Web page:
CTS staff and Shanti Wong with Carly Findlay. Image: five people standing in front of banners. They’re smiling.
I was the keynote speaker at the Community Transition Support (CTS) forum on Tuesday 8 May. I spoke to a group of people working in the specialist education system – teachers, council workers and disability support workers. Community Transition Support aims to ensure that young disabled people receive adequate accessible information about education and employment opportunities so they can fully participate in the community. The audience was so receptive. And i was impressed by the outcomes of using the CTS resources – so many young disabled people preparing for mainstream work.
A big thanks to Taylah and Meri from CTS who were so great to work with when preparing this speech and no the day, and to Catia Malaquias who guided me to some great materials she created.
I asked how many in the room identify as being disabled. No one put their hand up. The response to my question shocked us all. We must ensure that disabled people are trained as educators – to influence education policy and delivery, and so young disabled people can see themselves in their teachers.
Image Carly Findlay giving a speech. A woman standing side on, holding a microphone and speaking. She’s got a red face and short curly dark hair. She’s wearing a sea green top. Behind and next to her are banners with CTS logo and info on it.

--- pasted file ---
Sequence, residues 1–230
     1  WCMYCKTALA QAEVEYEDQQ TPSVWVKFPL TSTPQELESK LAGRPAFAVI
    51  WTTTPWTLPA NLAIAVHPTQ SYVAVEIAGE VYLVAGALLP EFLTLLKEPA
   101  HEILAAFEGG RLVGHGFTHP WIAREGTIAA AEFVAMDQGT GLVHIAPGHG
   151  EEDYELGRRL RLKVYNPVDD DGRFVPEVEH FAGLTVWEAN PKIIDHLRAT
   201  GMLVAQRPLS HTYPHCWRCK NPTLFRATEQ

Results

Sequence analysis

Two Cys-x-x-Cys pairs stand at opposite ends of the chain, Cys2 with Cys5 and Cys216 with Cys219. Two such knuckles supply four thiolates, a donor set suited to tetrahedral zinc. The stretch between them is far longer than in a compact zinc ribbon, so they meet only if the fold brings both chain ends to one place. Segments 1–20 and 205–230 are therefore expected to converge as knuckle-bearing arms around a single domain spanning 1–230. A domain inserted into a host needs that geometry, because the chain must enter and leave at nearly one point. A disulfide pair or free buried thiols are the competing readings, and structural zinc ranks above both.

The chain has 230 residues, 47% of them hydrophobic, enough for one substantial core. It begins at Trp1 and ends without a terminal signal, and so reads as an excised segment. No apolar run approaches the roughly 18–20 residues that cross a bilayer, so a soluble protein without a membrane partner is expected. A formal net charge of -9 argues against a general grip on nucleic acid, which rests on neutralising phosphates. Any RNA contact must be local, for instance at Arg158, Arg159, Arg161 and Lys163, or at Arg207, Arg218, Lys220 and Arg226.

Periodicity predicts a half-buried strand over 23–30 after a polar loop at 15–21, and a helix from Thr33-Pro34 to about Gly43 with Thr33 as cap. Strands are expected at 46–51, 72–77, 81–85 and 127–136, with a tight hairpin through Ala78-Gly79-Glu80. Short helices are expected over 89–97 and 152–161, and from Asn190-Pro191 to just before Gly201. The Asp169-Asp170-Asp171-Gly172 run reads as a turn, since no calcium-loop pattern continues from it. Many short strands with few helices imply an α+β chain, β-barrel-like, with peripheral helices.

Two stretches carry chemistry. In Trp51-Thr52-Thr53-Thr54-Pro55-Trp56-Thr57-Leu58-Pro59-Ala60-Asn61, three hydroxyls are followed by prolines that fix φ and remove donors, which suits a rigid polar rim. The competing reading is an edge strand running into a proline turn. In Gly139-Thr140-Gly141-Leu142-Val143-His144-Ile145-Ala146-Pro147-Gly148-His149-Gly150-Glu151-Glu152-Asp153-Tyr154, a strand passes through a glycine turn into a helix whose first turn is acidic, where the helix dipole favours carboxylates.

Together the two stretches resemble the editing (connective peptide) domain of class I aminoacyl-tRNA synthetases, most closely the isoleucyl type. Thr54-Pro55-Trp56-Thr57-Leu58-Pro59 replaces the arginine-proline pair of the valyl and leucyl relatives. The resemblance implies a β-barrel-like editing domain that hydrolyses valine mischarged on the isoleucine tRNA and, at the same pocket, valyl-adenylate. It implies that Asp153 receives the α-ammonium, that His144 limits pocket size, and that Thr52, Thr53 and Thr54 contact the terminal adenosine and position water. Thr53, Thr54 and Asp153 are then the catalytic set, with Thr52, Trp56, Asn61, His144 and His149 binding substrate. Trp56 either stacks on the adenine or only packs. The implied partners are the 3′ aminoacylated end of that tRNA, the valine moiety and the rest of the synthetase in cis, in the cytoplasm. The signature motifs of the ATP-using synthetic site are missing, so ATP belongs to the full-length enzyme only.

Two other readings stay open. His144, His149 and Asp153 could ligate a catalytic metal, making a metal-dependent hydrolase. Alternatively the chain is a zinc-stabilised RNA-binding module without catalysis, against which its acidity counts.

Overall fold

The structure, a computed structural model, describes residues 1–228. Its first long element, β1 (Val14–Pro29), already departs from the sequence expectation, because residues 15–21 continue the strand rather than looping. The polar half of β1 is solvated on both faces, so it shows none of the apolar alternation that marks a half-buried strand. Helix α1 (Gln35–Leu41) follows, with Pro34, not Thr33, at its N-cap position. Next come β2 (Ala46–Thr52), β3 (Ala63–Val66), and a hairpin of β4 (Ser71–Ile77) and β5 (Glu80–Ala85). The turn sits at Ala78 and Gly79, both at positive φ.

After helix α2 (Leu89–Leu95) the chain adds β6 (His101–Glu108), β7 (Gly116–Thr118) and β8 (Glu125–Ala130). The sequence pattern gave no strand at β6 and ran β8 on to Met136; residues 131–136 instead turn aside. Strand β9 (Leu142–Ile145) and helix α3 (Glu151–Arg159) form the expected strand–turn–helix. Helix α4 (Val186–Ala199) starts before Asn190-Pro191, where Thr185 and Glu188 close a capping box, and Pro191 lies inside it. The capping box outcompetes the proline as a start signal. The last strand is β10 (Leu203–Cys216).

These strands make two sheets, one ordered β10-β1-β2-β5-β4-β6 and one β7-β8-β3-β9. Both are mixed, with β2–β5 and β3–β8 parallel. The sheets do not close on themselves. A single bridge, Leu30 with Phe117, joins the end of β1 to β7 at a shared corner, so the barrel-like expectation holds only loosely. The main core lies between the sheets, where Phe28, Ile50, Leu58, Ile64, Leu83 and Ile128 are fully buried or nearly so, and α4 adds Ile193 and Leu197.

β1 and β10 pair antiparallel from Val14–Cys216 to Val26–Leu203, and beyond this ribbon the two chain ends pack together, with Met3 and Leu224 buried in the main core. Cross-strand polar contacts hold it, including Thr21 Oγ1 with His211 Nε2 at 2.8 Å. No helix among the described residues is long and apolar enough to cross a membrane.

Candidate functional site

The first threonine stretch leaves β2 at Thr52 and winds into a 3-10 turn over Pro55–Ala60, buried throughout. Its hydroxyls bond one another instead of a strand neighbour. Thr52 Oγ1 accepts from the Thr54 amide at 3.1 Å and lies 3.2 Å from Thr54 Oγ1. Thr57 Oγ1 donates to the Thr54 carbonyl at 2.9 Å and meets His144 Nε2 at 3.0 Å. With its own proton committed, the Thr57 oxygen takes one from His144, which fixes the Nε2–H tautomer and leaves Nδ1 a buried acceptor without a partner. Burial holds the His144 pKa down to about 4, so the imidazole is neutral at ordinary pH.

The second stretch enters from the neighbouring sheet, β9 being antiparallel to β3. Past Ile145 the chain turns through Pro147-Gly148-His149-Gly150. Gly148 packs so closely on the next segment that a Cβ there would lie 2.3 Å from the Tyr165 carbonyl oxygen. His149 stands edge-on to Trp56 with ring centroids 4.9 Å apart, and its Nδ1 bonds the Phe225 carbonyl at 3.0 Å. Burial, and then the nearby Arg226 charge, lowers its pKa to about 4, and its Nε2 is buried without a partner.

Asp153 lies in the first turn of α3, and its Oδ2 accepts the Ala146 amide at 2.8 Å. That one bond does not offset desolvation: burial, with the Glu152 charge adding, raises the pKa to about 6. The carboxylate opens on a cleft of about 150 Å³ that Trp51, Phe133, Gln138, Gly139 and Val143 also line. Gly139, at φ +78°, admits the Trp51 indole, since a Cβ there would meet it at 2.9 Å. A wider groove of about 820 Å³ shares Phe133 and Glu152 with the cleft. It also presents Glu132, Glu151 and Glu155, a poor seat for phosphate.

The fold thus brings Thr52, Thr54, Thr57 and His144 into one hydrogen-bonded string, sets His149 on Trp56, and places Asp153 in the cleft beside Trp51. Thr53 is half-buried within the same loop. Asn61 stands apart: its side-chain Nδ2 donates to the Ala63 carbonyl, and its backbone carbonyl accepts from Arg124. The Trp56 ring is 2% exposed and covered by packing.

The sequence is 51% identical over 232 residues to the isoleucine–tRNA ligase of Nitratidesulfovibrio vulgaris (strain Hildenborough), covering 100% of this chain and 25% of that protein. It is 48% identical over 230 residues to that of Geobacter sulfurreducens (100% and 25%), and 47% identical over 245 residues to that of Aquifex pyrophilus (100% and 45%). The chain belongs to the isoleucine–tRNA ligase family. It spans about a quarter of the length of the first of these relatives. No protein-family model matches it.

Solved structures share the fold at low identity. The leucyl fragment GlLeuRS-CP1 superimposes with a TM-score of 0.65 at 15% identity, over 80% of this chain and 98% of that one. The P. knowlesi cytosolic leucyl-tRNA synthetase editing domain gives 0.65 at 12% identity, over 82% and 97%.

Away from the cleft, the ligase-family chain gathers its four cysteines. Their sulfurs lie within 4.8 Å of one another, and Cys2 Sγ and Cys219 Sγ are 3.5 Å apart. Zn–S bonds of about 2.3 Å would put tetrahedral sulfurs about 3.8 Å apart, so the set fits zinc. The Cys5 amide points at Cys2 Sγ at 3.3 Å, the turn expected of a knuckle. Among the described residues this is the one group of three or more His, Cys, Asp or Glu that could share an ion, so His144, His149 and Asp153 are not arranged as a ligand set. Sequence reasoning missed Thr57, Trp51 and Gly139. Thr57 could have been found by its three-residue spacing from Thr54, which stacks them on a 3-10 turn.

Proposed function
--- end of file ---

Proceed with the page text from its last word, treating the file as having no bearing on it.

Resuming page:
I pay my respects to the people of the Kulin Nation, and recognise Aboriginal Elders past, present and future. I also acknowledge the disability activists who have and are still paving the way for equity today. Thank you to Community Transition Support for having m speak today, and to all of you for attending – the CTS initiatives are so promising, and I take heart that you’re committed to improving the lives and career paths of young disabled people.
I’m a writer speaker appearance activist, trainer and occasional model. You may have seen me on The Project or You Can’t Ask That, heard me on ABC Radio, or read my writing in the news. I also have a part time day job as Access and inclusion coordinator at Melbourne Fringe – a job that was advertised for a disabled or Deaf person. And I’m writing a memoir – Say Hello – which will be out early next year.